“What about the kids?” he asked, and it was like a jackhammer to my heart. I didn’t have an answer. I went quiet and Ethan settled back down into his armchair. “Exactly.” He looked up at me, and his eyes were serious, yet full of emotion. “I want Jordan back, and maybe if she comes back, we can figure out what that means, but the kids need a nanny. They need a woman to care for them and be there for them, regardless. I will wait 24 hours. If we haven’t heard from Jordan by tomorrow night, I’m going to start arranging interviews.”

I wanted to continue to argue with him, but I couldn’t. I understood where he was coming from. The very reason we started looking for a nanny was because we couldn’t manage everything the children needed. So, I had my goal, and I just had to achieve it.

“24 hours,” I said.

Ethan nodded, and I didn’t waste anymore time. I left Ethan’s place and got in my car, my heart racing as I came to realize I was going to have to unlock my past a little if I had any hope of meeting Ethan’s deadline. Jordan needed me, and she deserved the truth, by whatever means necessary.

I called Oliver, with whom I’d left Trey, and asked him if he could keep him overnight and deal with him tomorrow, and after confirming that, I drove to a bank far outside of Dallas. I kept my eyes peeled for anyone watching or keeping an eye on me, and then I went inside and accessed my safety deposit box. In it, were a few things that I’d kept from my former life. Eva and I’s rings, Trey’s birth certificate, our old social security cards, and my case files from Eva’s death. Among a few other trinkets, was a phone in which I had all of my old contacts. My absolute, last resort, if there was no other option friends, that I knew would help me if I found myself unable to complete a task on my own.

I grabbed the case files and secured the number of an old friend of mine named Travis. He was a cohort of mine from when I was still an agent of the FBI, and he himself worked for the NSA. Once I was free of the bank, I locked myself back in my car, and called him with the bluetooth speaker off, and my phone volume very low.

“Hello?” Travis answered with a shaky voice.

I took a deep breath. “Hey, Trav.”

The phone was silent for a long time before Travis spoke again. “Are you fucking kidding me?”

“I know,” I said. “I’m sorry.”

“Are you fucking kidding me, Adam?” Travis repeated. “They told me you were dead. You and Trey. You have got to be–” his voice trailed off. “I would hang up on you if I wasn’t so happy to hear your stupid, goddamn voice.”

“Nice to talk to you too, buddy,” I replied.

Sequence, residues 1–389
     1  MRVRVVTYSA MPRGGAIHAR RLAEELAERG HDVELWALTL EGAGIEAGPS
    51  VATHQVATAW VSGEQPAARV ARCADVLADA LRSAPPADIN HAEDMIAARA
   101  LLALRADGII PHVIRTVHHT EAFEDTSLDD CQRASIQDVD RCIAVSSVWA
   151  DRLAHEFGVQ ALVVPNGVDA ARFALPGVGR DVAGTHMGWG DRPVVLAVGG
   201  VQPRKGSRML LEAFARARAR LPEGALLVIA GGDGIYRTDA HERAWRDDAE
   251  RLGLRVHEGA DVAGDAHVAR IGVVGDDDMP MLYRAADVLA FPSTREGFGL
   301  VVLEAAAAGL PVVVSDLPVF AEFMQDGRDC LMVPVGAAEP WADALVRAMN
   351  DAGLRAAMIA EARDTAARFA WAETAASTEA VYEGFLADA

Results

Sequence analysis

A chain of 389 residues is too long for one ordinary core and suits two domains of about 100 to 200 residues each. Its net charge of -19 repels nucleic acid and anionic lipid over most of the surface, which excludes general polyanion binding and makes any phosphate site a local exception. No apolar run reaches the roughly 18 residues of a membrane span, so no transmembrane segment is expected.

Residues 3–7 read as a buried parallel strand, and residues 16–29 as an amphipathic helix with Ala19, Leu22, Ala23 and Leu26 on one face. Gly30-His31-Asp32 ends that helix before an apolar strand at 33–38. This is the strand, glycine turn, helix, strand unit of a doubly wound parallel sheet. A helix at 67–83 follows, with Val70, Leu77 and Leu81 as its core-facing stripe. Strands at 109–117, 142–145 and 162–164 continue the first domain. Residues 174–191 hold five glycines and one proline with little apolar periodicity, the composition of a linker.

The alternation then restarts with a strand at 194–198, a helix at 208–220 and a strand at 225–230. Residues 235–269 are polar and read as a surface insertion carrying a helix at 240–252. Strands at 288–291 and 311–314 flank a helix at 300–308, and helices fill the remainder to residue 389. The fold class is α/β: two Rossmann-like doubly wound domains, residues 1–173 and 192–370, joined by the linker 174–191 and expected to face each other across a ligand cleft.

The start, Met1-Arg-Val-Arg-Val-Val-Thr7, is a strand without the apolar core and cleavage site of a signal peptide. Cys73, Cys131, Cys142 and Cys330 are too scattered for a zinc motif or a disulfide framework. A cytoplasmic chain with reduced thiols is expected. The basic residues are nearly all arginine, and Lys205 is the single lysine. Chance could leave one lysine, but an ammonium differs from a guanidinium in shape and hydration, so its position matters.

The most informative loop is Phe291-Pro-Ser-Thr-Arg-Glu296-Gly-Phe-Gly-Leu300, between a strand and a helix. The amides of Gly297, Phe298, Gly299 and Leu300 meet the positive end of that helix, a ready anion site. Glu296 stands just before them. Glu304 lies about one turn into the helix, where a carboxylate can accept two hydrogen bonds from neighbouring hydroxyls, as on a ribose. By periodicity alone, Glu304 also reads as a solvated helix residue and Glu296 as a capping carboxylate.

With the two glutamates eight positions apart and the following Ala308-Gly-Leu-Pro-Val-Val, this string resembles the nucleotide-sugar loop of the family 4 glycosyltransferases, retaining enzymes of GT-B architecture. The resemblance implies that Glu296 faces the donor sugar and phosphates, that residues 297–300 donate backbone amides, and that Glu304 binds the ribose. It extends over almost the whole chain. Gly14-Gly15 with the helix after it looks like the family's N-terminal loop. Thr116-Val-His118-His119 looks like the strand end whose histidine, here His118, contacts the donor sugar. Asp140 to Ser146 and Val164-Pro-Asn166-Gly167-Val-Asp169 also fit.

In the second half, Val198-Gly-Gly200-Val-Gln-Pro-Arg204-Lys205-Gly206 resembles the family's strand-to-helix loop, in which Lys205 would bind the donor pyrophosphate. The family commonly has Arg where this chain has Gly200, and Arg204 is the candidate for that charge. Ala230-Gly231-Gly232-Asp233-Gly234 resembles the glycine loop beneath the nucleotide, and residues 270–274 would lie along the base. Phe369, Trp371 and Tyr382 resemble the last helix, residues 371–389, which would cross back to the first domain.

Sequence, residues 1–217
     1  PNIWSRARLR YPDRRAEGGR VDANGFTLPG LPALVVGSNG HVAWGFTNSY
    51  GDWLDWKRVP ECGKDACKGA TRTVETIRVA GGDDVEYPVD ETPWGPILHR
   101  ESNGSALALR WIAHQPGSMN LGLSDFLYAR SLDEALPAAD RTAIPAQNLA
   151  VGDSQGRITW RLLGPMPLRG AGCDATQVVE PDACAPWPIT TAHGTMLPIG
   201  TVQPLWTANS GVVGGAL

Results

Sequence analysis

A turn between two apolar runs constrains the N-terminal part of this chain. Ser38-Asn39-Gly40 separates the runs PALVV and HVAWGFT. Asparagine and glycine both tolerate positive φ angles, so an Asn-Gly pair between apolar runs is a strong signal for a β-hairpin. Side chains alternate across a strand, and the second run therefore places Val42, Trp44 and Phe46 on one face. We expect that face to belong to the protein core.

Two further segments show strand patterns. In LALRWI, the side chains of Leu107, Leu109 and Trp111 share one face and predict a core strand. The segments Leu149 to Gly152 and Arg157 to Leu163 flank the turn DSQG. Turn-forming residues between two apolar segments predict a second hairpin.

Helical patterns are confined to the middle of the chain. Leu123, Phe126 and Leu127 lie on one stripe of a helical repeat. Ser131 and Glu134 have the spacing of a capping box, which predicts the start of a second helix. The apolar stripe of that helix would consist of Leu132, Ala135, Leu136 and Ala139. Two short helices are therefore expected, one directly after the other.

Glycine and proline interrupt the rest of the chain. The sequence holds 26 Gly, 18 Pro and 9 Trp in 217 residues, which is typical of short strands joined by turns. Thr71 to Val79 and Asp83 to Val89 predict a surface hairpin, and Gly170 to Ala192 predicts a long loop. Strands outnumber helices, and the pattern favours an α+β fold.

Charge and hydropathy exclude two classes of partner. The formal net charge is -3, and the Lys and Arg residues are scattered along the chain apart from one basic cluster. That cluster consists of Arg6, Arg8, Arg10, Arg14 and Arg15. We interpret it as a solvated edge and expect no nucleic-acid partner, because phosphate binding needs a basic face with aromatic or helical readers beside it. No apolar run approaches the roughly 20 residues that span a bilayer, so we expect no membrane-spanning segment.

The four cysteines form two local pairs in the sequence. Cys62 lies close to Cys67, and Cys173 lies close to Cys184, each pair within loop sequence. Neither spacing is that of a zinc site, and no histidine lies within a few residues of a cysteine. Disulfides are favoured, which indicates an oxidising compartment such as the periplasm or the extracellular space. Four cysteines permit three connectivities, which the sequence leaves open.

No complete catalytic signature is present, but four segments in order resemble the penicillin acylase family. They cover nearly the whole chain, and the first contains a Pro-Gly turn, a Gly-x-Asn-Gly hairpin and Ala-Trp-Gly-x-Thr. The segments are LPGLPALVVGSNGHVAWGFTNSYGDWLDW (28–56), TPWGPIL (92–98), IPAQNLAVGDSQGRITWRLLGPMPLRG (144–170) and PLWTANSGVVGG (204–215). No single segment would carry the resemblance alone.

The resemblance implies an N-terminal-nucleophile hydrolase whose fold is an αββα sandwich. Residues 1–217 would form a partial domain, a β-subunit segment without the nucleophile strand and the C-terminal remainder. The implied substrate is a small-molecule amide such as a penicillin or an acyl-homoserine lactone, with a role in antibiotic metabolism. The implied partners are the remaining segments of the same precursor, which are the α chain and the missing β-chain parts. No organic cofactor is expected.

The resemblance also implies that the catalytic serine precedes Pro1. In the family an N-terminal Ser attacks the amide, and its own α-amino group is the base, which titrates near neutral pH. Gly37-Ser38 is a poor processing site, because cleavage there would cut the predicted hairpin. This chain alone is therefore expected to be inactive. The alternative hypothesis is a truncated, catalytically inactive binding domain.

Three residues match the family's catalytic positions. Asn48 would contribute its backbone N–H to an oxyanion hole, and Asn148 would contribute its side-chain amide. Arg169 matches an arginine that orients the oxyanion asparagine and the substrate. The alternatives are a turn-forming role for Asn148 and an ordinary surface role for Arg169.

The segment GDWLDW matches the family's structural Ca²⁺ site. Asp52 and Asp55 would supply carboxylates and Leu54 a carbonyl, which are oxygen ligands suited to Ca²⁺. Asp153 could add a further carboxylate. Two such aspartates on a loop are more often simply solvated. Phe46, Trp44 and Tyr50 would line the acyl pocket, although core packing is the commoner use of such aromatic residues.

Despite only talking to one another in a professional capacity, Travis and I had gotten quite close. Whenever our paths crossed, we got along great, and we preferred to work on cases together. We always threatened to take things outside the workplace and introduce our wives and children one day, but we never got around to it before I had to pack up and go. For my safety, and everyone else’s, I wasn’t told what would be provided to my old friends and co-workers as an explanation for my sudden departure, but I figured it may be something as definitive as death. That was typically the only thing that would make people stop looking.

“God, fuck. Witness protection? Because of the stuff with Eva?” Travis asked.

“Yep,” I replied. “Travis, I swear–”

“Do not insult my intelligence by insinuating that I actually would have believed you did that,” he said. “I know you. I know you didn’t do that.”

It was a relief to hear that after everyone from my old life was so convinced I had. “Look, I hate to call you up after five years, and when you thought I was dead, but I really need a favor.”

“God I hope you could feel me punch you through this fucking phone,” Travis barked. “What is it?”

“I need you to find someone,” I said.

“Is that it? Couldn’t you do that?” he responded.

“This is different. I have no idea where she’s gone or any clue to help. I’m talking invasion of privacy. I need you to find someone,” I repeated.

Travis groaned. “I don’t know, Adam. I could go to federal prison for that.”

“I’ll pay you. Any amount,” I said. “Just name it.”

“It’s not about the money,” Travis responded.

“$3,000,” I offered.

“Adam, seriously, no amount of money is worth–”

“$5,000,” I cut in.

“Dude.”

“$10,000,” I said.

Travis hesitated. “Who is this that you are willing to pay that much money just to find them?”

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